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Spokane, Washington  Est. May 19, 1883

Vote on gays splitting Lutherans

Churches leaving over synod’s stance on ordination

Wayne M. Anderson Correspondent

A controversial decision last summer by the largest Lutheran church group in America to ordain gays and lesbians is causing churches to exit the organization nationwide, including some in Washington state.

On Aug. 21, the Evangelical Lutheran Church in America voted at its national convention in Minneapolis to ordain gay ministers who are in a “committed relationship.”

Since then, traditional-minded Lutheran organizations say they’ve grown rapidly.

“I wouldn’t even begin to tell you how many thousands (of calls) I’ve gotten,” said Paull Spring, chairman of Lutheran CORE, a national coalition of Lutheran churches whose goal is to “preserve within the Lutheran churches in North America the authority of the Word of God according to the Lutheran confessions,” according to its website.

William Sullivan, service coordinator at Lutheran Congregations in Mission for Christ, an association of congregations that, like Lutheran CORE, believes the ELCA has been moving away from accepting the Bible as its final source of authority in decision-making, said his group has doubled in size in the U.S. since the ELCA vote last summer.

To formally leave the ELCA, a church body must conduct two votes at least 90 days apart, with both votes attaining a two-thirds supermajority.

The ELCA disputes the effect of the gay-ordination vote, saying the number of departures is small. “Only 2 percent of the church’s 10,000 plus congregations have voted to leave,” said John Brooks, director of the ELCA News Service. “And one-third of those votes failed.”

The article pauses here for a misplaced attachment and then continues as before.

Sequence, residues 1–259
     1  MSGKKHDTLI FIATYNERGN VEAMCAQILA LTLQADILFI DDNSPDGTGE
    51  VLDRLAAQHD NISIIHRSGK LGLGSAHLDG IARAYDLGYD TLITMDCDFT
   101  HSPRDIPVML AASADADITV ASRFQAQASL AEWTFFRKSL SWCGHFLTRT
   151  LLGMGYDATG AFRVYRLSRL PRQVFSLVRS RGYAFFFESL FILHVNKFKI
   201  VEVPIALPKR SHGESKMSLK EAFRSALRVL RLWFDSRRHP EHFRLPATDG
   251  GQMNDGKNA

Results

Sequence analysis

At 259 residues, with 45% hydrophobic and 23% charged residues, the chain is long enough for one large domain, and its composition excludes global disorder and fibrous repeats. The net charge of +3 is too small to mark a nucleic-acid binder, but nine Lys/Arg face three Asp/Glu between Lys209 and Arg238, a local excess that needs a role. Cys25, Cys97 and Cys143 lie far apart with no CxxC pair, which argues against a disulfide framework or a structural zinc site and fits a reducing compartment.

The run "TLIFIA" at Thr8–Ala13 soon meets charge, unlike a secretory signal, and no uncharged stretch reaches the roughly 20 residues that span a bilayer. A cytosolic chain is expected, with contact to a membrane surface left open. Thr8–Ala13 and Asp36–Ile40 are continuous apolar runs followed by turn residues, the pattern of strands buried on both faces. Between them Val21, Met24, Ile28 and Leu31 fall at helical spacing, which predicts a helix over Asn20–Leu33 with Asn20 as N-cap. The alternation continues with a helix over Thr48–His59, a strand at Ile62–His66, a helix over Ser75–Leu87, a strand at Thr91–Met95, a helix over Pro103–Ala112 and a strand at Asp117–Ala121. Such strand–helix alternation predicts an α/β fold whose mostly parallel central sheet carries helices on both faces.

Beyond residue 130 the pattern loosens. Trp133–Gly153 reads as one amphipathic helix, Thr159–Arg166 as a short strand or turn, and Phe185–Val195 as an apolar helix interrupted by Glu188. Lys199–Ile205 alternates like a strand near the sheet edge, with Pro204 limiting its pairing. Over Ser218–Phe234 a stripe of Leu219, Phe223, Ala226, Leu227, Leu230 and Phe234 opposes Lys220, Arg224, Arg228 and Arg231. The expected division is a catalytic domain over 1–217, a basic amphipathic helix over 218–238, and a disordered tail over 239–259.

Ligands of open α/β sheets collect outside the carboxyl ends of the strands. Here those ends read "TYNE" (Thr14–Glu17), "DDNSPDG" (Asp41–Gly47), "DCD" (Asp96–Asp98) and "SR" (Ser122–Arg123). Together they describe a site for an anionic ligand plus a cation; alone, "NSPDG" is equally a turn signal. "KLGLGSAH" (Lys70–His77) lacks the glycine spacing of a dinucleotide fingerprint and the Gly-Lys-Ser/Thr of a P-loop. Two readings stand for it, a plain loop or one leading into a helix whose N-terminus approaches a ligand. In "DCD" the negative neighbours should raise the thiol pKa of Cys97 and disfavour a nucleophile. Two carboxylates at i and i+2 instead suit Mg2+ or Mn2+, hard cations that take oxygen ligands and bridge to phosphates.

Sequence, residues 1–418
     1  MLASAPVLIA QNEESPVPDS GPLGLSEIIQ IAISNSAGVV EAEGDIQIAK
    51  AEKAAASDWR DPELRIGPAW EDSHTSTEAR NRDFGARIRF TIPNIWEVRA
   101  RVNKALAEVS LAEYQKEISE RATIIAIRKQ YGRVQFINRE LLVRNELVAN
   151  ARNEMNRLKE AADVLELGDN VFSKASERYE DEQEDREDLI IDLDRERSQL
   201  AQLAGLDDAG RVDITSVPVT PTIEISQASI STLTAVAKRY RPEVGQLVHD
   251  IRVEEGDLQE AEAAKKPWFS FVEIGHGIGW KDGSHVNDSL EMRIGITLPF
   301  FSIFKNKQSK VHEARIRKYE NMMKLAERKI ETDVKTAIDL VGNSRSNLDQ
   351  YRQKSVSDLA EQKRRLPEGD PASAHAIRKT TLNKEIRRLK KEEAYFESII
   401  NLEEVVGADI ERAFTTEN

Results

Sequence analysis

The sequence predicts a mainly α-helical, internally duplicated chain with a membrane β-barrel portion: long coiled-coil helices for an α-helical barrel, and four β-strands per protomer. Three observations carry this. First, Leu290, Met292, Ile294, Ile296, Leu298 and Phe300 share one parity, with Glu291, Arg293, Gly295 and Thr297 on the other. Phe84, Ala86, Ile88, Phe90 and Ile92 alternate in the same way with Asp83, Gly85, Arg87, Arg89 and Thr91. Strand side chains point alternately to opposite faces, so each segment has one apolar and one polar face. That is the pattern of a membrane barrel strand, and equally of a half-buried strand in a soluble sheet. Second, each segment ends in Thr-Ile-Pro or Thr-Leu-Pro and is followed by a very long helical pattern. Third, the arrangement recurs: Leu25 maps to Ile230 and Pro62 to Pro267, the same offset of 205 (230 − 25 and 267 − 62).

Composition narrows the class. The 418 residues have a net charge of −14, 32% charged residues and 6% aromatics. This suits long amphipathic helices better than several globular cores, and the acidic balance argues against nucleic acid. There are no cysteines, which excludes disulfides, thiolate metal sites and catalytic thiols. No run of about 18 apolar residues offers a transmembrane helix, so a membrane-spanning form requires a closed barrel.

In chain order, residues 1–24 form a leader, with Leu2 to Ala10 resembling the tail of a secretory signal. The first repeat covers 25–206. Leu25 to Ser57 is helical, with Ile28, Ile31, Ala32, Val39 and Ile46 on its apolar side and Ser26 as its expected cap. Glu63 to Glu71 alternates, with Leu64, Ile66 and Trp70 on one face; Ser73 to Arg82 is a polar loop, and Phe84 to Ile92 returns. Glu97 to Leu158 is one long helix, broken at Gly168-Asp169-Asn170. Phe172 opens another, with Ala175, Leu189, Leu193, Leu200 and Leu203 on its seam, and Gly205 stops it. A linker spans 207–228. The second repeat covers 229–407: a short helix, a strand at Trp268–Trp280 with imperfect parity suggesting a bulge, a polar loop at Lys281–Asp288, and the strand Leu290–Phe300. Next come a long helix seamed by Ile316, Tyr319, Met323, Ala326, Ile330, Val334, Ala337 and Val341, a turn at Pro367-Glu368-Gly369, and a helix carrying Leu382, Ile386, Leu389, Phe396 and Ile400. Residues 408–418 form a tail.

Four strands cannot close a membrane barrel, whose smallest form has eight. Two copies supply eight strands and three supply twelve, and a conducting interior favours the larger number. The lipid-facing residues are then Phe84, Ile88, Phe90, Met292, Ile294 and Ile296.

But parishioners at Christ Lutheran Church in Odessa, Wash., took the step, exiting the ELCA last month.

“For people here it was a matter of biblical authority and interpretation of the Bible as God’s word,” said the Rev. Tim Hauge.

“This is a conservative town culturally as well as theologically,” Hauge said. The growing liberalism in the ELCA is ultimately “a deal breaker,” he said.

Emmanuel Lutheran Church in Walla Walla overwhelmingly voted to leave the ELCA in November.

“The decision to go against the teaching of the Bible regarding homosexual behavior was the final straw,” said the Rev. Mark Koonz.

Lutheran Church of the Redeemer’s congregation in Chimacum, Wash., south of Port Townsend, will take its second vote to leave the ELCA today, and it’s expected to pass, said the Rev. Don Pieper.

But critics of the departing Lutherans say they are not following Jesus’ example of being tolerant toward different kinds of Christians.

“I think there’s an underlying authority of Scripture, to me, that says God is gracious and is embracing and loving and accepting of people,” said the Rev. Alex Schmidt, of Faith Lutheran Church in Leavenworth, Wash.

He said Christians often use “Scripture as a big hammer to promote their point of view.”

The Rev. Erik Samuelson, of Bethlehem Lutheran Church in Spokane, said he was a convention delegate last summer and voted in favor of the ELCA statement on human sexuality because it was intended to promote a range of issues.